Be ready for some rousing read-alouds! (Picture book. 4-7)

BOING!

A VERY NOISY ABC

It’s another noisy alphabet romp.

Flat, digitally composed characters and scenarios generate noises for each letter of the alphabet. As the noisy narrative begins, readers will need to look carefully. The initial spread shows a peaceful interior, with a grandfather-type figure with a white mustache watering a houseplant, a child bouncing a ball, and a cat snoozing. In the next spread, the grandfather-type sneezes (“Ah…Ah…Ah…Ah-choo!”), startling the child, who loses control of the ball, which bounces out the window (“BIFF! BOP! BOOM! BOING!”), and the chase is on. “FLIP…FLOP…FLUMP”: A blue bulldog enters the scene chasing the ball and then grabbing it, leading the pursuing child and grandfather past the ice cream cart (“KA-CHING!” goes its till as the duo buy cones), through the park, into a duck pond (“Quack?”), and finally back home, where the child—Xavier—is welcomed warmly. But even as Xavier falls asleep, the grandfather seems to be beginning another sneeze….Aside from Xavier’s name, the only text is onomatopoeia, either the sounds of objects or nonverbal vocalizations such as sighs and grunts. The flow from spread to spread is clever, fluid, and active, with much to point and giggle at. The grandfather figure and the person who welcomes Xavier back home both have light-brown skin, while Xavier is pale.

Be ready for some rousing read-alouds! (Picture book. 4-7)

Pub Date: Aug. 21, 2018

ISBN: 978-1-4814-8755-9

Page Count: 32

Publisher: Paula Wiseman/Simon & Schuster

Review Posted Online: May 28, 2018

Kirkus Reviews Issue: June 15, 2018

Did you like this book?

No Comments Yet

Between its autumn and field-trip themes and the fact that not many books start countdowns from 20, this may find its way to...

PUMPKIN COUNTDOWN

A class visits the pumpkin patch, giving readers a chance to count down from 20.

At the farm, Farmer Mixenmatch gives them the tour, which includes a petting zoo, an educational area, a corn maze and a tractor ride to the pumpkin patch. Holub’s text cleverly though not always successfully rhymes each child’s name within the line: “ ‘Eighteen kids get on our bus,’ says Russ. / ‘But someone’s late,’ says Kate. / ‘Wait for me!’ calls Kiri.” Pumpkins at the tops of pages contain the numerals that match the text, allowing readers to pair them with the orange-colored, spelled-out numbers. Some of the objects proffered to count are a bit of a stretch—“Guess sixteen things we’ll see,” count 14 cars that arrived at the farm before the bus—but Smith’s artwork keeps things easy to count, except for a challenging page that asks readers to search for 17 orange items (answers are at the bottom, upside down). Strangely, Holub includes one page with nothing to count—a sign marks “15 Pumpkin Street.” Charming, multicultural round-faced characters and lots of detail encourage readers to go back through the book scouring pages for the 16 things the kids guessed they might see. Endpapers featuring a smattering of pumpkin facts round out the text.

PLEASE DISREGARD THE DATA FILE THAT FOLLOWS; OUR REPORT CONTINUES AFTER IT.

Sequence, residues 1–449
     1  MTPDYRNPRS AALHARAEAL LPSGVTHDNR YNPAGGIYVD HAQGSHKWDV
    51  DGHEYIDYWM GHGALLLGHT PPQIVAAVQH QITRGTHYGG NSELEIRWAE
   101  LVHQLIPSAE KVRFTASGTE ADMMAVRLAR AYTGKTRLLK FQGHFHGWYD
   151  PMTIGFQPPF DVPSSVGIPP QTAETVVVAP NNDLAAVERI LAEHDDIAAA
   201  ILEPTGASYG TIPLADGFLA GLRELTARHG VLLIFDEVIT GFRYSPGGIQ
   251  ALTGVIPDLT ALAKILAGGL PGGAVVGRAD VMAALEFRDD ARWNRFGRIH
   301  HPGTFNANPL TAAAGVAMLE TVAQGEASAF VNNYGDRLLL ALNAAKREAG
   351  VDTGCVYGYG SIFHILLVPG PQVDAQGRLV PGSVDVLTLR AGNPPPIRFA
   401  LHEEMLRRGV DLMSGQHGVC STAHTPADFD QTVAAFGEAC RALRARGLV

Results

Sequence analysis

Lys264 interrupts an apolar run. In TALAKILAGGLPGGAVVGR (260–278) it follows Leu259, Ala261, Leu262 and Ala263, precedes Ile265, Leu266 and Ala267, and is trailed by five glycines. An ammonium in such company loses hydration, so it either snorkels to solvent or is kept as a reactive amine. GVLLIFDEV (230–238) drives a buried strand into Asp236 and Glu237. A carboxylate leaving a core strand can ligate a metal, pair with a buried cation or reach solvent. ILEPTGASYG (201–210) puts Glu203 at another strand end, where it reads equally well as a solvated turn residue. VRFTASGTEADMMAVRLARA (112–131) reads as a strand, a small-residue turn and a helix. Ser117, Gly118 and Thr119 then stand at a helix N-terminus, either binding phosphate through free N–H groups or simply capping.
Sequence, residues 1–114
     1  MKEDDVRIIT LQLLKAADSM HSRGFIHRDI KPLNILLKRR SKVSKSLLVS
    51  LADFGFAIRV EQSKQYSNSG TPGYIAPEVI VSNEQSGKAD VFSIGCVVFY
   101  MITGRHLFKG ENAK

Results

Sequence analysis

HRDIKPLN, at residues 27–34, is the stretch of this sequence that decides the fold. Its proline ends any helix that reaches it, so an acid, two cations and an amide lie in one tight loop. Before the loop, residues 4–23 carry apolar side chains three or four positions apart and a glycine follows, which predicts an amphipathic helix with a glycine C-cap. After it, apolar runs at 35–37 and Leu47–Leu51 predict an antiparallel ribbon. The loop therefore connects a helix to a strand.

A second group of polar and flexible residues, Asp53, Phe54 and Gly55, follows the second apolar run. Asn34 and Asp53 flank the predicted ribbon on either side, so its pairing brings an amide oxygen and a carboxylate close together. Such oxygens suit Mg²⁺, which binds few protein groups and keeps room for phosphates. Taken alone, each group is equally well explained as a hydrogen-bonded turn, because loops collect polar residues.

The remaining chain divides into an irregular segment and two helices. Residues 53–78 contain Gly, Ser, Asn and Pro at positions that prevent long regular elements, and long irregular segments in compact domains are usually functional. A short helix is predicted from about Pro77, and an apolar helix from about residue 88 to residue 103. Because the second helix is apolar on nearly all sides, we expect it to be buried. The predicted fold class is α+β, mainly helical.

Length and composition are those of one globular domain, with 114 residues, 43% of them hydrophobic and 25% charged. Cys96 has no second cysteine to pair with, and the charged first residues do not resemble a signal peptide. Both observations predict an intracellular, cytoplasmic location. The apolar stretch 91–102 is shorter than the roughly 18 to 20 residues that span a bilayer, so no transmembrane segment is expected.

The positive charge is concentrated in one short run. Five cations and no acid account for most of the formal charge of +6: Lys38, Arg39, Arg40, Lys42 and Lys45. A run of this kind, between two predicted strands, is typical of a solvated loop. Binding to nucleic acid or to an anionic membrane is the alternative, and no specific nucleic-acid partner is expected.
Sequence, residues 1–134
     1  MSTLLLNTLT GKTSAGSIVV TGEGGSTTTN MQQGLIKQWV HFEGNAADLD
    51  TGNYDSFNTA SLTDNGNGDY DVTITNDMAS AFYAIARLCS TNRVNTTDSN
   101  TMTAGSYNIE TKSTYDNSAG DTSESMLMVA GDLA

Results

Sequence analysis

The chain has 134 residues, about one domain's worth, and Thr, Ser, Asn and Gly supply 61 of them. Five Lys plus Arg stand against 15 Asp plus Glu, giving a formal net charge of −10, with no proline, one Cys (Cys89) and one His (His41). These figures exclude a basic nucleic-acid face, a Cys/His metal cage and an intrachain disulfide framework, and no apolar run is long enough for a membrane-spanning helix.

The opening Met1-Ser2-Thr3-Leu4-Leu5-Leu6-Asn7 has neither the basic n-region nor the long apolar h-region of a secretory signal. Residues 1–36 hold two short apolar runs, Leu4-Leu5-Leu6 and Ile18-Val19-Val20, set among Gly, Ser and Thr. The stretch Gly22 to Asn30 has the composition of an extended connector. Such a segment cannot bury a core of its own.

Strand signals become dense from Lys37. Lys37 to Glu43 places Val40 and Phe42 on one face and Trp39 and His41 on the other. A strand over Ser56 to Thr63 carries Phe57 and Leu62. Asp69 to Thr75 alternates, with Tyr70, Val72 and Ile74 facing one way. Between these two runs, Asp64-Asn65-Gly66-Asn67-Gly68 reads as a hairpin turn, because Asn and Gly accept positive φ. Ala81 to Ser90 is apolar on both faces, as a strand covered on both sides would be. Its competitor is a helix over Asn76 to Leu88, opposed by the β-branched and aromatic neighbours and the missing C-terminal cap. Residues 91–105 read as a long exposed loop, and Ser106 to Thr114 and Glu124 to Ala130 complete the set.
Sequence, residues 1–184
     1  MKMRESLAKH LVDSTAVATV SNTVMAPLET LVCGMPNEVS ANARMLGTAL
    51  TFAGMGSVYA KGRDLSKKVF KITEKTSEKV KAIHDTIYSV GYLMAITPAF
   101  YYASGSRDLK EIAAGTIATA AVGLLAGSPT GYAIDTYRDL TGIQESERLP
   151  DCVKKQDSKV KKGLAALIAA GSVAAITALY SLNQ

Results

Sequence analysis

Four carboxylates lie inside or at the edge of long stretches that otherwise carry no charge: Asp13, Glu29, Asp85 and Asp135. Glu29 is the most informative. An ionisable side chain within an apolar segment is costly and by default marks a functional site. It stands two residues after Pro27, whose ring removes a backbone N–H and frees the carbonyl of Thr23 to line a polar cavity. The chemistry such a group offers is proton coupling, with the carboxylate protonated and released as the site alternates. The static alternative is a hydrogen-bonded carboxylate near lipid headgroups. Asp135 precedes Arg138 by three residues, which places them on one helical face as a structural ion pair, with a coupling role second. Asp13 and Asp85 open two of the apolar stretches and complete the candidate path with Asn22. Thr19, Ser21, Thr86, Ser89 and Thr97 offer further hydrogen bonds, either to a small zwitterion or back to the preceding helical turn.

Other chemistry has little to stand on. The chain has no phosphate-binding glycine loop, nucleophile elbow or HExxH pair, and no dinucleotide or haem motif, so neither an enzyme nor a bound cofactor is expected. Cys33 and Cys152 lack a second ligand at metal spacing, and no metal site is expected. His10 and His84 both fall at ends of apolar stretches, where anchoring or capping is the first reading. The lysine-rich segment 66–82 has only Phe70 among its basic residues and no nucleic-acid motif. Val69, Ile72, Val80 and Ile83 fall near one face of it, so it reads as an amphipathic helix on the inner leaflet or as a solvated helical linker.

Between its autumn and field-trip themes and the fact that not many books start countdowns from 20, this may find its way to many library shelves. (Picture book. 4-7)

Pub Date: July 1, 2012

ISBN: 978-0-8075-6660-2

Page Count: 32

Publisher: Whitman

Review Posted Online: May 16, 2012

Kirkus Reviews Issue: June 1, 2012

Did you like this book?

No Comments Yet

A mind-stretching outlook that may help youngsters with change—and will certainly cause them to think.

THE END IS JUST THE BEGINNING

A cyclical take on life.

Endings can sometimes feel sad or heavy in their finality. But Bender reverses this perspective. In fact, the story starts, as a tiny caterpillar tells readers, with “THE END.” A young tot on a bed closing a book looks puzzled. Bender acknowledges the absurdity. “But wait—how can a book possibly start with the end? That’s ridiculous.” It’s not, once you change your frame of reference. Continuing in a conversational tone, Bender gives examples. Some are personal and immediate: “The end of a disagreement with someone … / is just the beginning of making up.” Others are more abstract: “When you count, the end of one number is just the beginning of the next number… / and so on and so on and so on, all the way to infinity, which, by the way, NEVER ends!” Two friends or perhaps siblings (one with brown skin and brown hair in two Afro puffs, the other with pale skin and straight, black hair) act out the scenarios, which are strung together over the course of a day from one morning to the next. Mayo’s illustrations also dance between concrete and abstract, illustrating disagreement with one kid scowling, sitting back to the other, who looks distressed, next to a ruined sand castle and infinity with an image of the two kids cycling along an enormous infinity sign. In a meta-infused closing, Bender concludes with “THE BEGINNING / (of discovering the next book).” A cleverly placed butterfly flits away. The hazy wash over muted tones gives a warm, cozy embrace to the message. (This book was reviewed digitally with 9-by-18-inch double-page spreads viewed at 48.2% of actual size.)

A mind-stretching outlook that may help youngsters with change—and will certainly cause them to think. (Picture book. 4-7)

Pub Date: April 20, 2021

ISBN: 978-1-984896-93-3

Page Count: 40

Publisher: Crown

Review Posted Online: March 2, 2021

Kirkus Reviews Issue: March 15, 2021

Did you like this book?

No Comments Yet
more